In our new vision of education, there is a desire to reproduce across the whole school, the free-flow, play-based approaches prevalent in early years education. These elements contribute to the efficacy of the learning environment and to the development of the knowledge, skills and competencies that particular environments can promote in learners. The idea that replicating a workplace setting – whether a technical workshop or a Google -type workspace, can have a significant impact in terms of connecting knowledge and practice, is certainly not new.

‘We know that there is a link between pedagogical practices and spatial settings.

’ But too often educators resist the opportunity to move from what they see as their own familiar classroom to a ‘new’ area or new environment.  It’s just easier for them to stay put.

‘How many educators are comfortable in their space - their classroom, identifying it as ‘mine’, often unwilling to share, to move elsewhere which is wholly inconvenient?’ (Dudek; 2000; p55) [6]

More recent studies (OECD; Report on Innovative Learning Environments) [7] focus on the learning environment as a ‘holistic’ concept, one that encompasses the learners, educators, content and resources accompanied by the view that these four aspects need to be re-considered. OECD calls this ‘The Pedagogical Core’.(see Fig.1 below). Additionally, there are a variety of criteria that must all be fulfilled to holistically define an innovative learning environment appropriately.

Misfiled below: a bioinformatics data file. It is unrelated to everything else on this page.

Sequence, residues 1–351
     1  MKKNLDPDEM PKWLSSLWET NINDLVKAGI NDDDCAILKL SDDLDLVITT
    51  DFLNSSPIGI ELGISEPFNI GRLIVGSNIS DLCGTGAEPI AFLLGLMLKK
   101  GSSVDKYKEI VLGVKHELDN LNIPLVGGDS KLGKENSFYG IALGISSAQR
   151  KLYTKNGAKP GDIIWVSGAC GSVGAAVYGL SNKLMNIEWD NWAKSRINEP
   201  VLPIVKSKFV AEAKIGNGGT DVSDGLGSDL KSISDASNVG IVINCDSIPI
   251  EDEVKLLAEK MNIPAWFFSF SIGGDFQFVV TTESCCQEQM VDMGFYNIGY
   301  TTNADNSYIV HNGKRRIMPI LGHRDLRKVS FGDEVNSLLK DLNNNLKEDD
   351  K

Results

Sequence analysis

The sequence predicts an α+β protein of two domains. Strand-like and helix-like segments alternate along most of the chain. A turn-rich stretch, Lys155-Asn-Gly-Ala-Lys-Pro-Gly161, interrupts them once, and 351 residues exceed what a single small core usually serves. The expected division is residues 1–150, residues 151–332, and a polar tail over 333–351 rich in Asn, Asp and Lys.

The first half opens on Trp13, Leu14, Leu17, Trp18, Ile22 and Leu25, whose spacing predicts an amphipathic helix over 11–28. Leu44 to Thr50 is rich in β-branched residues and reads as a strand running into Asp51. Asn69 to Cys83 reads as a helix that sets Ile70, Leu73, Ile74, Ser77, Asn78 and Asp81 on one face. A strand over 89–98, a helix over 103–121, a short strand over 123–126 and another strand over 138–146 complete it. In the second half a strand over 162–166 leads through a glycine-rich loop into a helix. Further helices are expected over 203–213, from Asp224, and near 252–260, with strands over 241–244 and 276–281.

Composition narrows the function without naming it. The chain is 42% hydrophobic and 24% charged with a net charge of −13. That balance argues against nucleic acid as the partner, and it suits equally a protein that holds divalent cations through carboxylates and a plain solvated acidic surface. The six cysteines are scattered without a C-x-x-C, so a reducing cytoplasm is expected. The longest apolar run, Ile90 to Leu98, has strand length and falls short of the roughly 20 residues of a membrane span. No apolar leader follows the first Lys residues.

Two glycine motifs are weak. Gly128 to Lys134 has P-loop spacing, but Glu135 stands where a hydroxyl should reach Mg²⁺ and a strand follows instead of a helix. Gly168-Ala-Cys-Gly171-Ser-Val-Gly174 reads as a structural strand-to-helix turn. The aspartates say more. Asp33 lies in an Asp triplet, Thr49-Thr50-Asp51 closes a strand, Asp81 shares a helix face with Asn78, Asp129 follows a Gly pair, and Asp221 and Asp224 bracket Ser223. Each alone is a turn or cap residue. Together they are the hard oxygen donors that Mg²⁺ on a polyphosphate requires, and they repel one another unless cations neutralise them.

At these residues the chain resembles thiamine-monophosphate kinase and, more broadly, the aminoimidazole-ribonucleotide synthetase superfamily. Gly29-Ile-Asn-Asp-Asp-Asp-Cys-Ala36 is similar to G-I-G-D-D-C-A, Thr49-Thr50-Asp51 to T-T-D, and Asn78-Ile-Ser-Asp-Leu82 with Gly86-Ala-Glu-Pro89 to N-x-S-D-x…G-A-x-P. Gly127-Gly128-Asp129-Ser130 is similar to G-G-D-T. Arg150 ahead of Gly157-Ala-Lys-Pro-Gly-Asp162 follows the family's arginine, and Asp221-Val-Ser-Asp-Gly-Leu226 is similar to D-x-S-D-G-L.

The criteria are listed below:

•    No.1 - learning and engagement are central

•    Learning is social and collaborative

•    the learner’s emotions and motivations are clear

•    is aware of each learner’s individual differences

•    learners are challenged

•    activities are marked by formative assessment

•    the activities take place across subject boundaries

With the emphasis on personalised learning; the development of the desired skills; high student agency and engagement; use of innovative resources; a change to the traditional roles of teacher and student, with a view to enhancing the learning experience are all part of ‘the learning environment.’

At Citizens, the learning environments, in fact, the whole school, has been designed around these ideas- the cutting-edge Google- style workplace; the Smart school; space and progressive furniture design to entice the people in the space and to enhance learning.

But we all appreciate that it is so much more than the physical spaces where educators and their learners spend their time and the real key to the learning environment: the learning that is taking place in space every day.


1.   Jackson, P. W. (1998): Life in the Classroom. New York, pp. 5

2. Sanoff, H. (2001), “School Buildings Assessment Methods”, North Carolina State University and OECD/PEB Evaluating Quality in Educational Facilities 2005 167 National Clearinghouse for Educational Facilities, Washington, D.C.

3. Wolff, S. (2002), Design Features for Project-Based Learning, Oregon State University.

4. PriceWaterHouseCoopers (2000), “Building Performance: An Empirical Assessment of the Relationship between Schools Capital Investment and Pupil Performance“, Department for Education and Skills, United Kingdom.

5.  OECD (2013) Innovative Learning Environments; Educational Research and Innovation. OECD Publishing

6.  Dudek M., (2000): Architecture of Schools: the New Learning Environments, Oxford, AP

7. Fisher, K (2005) Research into Identifying Effective Learning Environments. OECD/PEB


Author: Tracy Moxley, Executive Principal at Citizen's School